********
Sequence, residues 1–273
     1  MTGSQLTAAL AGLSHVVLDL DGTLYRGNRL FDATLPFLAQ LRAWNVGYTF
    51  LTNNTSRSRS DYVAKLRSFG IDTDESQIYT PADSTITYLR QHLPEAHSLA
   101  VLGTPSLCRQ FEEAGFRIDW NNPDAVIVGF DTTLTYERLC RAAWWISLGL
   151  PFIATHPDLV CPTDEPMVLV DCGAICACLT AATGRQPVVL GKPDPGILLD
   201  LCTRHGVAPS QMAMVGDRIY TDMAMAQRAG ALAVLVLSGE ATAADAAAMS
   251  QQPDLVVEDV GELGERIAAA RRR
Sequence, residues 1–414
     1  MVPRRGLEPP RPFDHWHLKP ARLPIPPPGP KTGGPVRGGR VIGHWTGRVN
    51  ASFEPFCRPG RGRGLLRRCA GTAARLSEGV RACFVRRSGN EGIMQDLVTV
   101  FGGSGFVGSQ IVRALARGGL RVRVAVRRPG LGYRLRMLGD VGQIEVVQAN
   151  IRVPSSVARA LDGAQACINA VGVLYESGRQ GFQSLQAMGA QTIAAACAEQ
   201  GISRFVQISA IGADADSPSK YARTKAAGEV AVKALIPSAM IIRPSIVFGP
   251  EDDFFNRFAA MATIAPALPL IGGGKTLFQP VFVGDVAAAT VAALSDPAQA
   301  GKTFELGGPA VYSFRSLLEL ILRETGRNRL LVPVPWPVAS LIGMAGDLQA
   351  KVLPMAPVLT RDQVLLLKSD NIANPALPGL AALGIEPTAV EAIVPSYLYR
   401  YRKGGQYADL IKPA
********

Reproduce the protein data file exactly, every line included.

Sequence, residues 1–273
     1  MTGSQLTAAL AGLSHVVLDL DGTLYRGNRL FDATLPFLAQ LRAWNVGYTF
    51  LTNNTSRSRS DYVAKLRSFG IDTDESQIYT PADSTITYLR QHLPEAHSLA
   101  VLGTPSLCRQ FEEAGFRIDW NNPDAVIVGF DTTLTYERLC RAAWWISLGL
   151  PFIATHPDLV CPTDEPMVLV DCGAICACLT AATGRQPVVL GKPDPGILLD
   201  LCTRHGVAPS QMAMVGDRIY TDMAMAQRAG ALAVLVLSGE ATAADAAAMS
   251  QQPDLVVEDV GELGERIAAA RRR
Sequence, residues 1–414
     1  MVPRRGLEPP RPFDHWHLKP ARLPIPPPGP KTGGPVRGGR VIGHWTGRVN
    51  ASFEPFCRPG RGRGLLRRCA GTAARLSEGV RACFVRRSGN EGIMQDLVTV
   101  FGGSGFVGSQ IVRALARGGL RVRVAVRRPG LGYRLRMLGD VGQIEVVQAN
   151  IRVPSSVARA LDGAQACINA VGVLYESGRQ GFQSLQAMGA QTIAAACAEQ
   201  GISRFVQISA IGADADSPSK YARTKAAGEV AVKALIPSAM IIRPSIVFGP
   251  EDDFFNRFAA MATIAPALPL IGGGKTLFQP VFVGDVAAAT VAALSDPAQA
   301  GKTFELGGPA VYSFRSLLEL ILRETGRNRL LVPVPWPVAS LIGMAGDLQA
   351  KVLPMAPVLT RDQVLLLKSD NIANPALPGL AALGIEPTAV EAIVPSYLYR
   401  YRKGGQYADL IKPA